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While writing a literary criticism essay on Dostoevsky's Crime and Punishment, I cited another critique that quoted the novel itself. Within the outline I submitted to the teacher, the entire quote was this:

" “In contrast to the dusty, hot, stifling, and crowded city, a fitting setting for Raskolnikov's oppressive and murderous thoughts, we find, for example, "the greenness and the freshness" of the Petersburg islands (Dostoevsky 53) … The natural surroundings reawakened in him the feelings of his youth, through which he came close to avoiding his crime and to finding regeneration without having to pass through the cycle of crime and punishment” (Gibian).

The "Dost...53" is the page number for the quotation from the novel, but it was not part of the original statement from Gibian, who (as far as I can tell) either never cited that quote or the citations were not attached for the online catalogue I found his critique in. The teacher made it explicitly clear that the page numbers for those kinds of quotes are required, so I put the "Dost...53" there and she had no complaints. On having a peer review my essay however, they seemed to think that the in-text citation for that page number should go elsewhere, but did not clarify. How am I supposed to cite this in accordance with the MLA style?

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  • data.grammarbook.com/blog/commas/…; Does it help?
    – Ram Pillai
    Apr 20, 2020 at 6:55
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    Generally, you put things you've added to quotes in square brackets. See this webpage. So I would add [Dostoevsky 53] in square brackets. I'm not making this an answer because I don't know what the MLA style suggests. Oct 17, 2020 at 16:08
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    I'm not sure what the MLA recommends but an alternative would be not to reference the quote-within-a-quote right after it but put "(Gibian, quoting Dostoevsky 53)" at the end. This is where a footnote style of citation comes in handy because you can put details in the footnote without breaking up the flow.
    – Stuart F
    Jun 14, 2021 at 21:23

2 Answers 2

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“In contrast to the dusty, hot, stifling, and crowded city, a fitting setting for Raskolnikov's oppressive and murderous thoughts, we find, for example, 'the greenness and the freshness' of the Petersburg islands [Dostoevsky 53]. The natural surroundings reawakened in him the feelings of his youth, through which he came close to avoiding his crime and to finding regeneration without having to pass through the cycle of crime and punishment” (Gibian).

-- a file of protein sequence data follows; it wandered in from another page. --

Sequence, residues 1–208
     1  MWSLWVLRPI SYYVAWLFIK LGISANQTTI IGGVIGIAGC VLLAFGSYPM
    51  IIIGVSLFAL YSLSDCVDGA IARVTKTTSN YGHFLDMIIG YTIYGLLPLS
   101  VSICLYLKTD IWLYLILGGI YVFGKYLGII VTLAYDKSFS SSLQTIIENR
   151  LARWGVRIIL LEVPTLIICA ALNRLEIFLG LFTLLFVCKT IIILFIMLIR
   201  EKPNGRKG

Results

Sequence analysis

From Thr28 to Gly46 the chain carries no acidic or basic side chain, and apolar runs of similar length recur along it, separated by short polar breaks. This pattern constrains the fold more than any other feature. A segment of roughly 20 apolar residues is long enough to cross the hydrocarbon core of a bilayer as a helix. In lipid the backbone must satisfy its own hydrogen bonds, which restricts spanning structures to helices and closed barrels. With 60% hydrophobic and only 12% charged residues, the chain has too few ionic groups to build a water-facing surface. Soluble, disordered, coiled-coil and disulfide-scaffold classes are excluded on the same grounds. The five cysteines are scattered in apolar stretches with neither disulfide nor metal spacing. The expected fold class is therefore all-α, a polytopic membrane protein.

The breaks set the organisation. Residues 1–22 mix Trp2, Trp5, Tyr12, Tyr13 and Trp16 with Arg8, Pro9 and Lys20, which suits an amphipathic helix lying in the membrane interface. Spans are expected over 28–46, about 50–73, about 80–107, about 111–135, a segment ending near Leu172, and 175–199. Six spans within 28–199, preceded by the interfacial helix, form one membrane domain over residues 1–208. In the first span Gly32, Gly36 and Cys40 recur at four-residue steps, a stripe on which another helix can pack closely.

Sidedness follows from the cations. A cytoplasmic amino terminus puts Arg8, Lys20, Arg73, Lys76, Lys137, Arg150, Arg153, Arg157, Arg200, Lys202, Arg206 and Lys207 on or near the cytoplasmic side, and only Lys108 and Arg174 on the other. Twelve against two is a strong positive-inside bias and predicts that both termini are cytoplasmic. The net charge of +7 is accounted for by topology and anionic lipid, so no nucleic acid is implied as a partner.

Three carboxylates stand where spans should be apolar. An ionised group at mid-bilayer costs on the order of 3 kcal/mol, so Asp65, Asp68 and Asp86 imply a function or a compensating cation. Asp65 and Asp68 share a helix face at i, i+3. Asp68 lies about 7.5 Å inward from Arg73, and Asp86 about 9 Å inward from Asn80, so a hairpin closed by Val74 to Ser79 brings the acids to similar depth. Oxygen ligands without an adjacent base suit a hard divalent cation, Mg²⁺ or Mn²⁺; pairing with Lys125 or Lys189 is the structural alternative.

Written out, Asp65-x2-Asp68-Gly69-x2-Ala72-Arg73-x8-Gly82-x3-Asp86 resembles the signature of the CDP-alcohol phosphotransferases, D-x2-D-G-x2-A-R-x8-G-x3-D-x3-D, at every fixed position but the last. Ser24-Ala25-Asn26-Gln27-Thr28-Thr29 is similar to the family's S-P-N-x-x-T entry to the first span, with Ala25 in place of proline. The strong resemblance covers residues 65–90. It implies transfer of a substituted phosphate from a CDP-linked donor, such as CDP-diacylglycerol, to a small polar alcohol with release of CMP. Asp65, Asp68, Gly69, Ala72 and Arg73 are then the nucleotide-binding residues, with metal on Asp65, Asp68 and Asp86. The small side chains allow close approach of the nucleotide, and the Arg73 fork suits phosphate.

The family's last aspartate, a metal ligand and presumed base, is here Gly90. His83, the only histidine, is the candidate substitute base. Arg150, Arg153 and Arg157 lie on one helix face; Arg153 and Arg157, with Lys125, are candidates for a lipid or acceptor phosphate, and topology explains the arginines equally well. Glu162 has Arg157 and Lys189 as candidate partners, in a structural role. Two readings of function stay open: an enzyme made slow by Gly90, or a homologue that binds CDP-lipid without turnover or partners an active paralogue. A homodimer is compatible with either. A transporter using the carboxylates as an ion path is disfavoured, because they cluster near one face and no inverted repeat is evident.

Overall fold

This is not an answer. Just a suggestion. I could not work out your punctuation until I put it in.

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  • Just cut and repaste if you want to show something else.
    – Lambie
    Jun 14, 2021 at 20:23
  • I think you're saying to set editorial insertions in the quote within square brackets (which is a standard practice); it would be helpful actually to say what you've done, for a general case. But if this is not answer, then it may all be moot.
    – Andrew Leach
    Jun 14, 2021 at 20:29
  • @AndrewLeach Just go in there and make the change. Either where I posted or repost it below. As you like.
    – Lambie
    Jun 14, 2021 at 21:01
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I visited the site suggested by @Ram Pillai. It suggests that you use single quotes around the quote from the novel. My experience studying literature in graduate school, where we were required to use MLA style, corroborates this.

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    I think I understand how to place the quote from the novel itself within the quote from the critique, but I am still unsure as to where the page number for the novel quote is supposed to go.
    – user381965
    Apr 20, 2020 at 14:10

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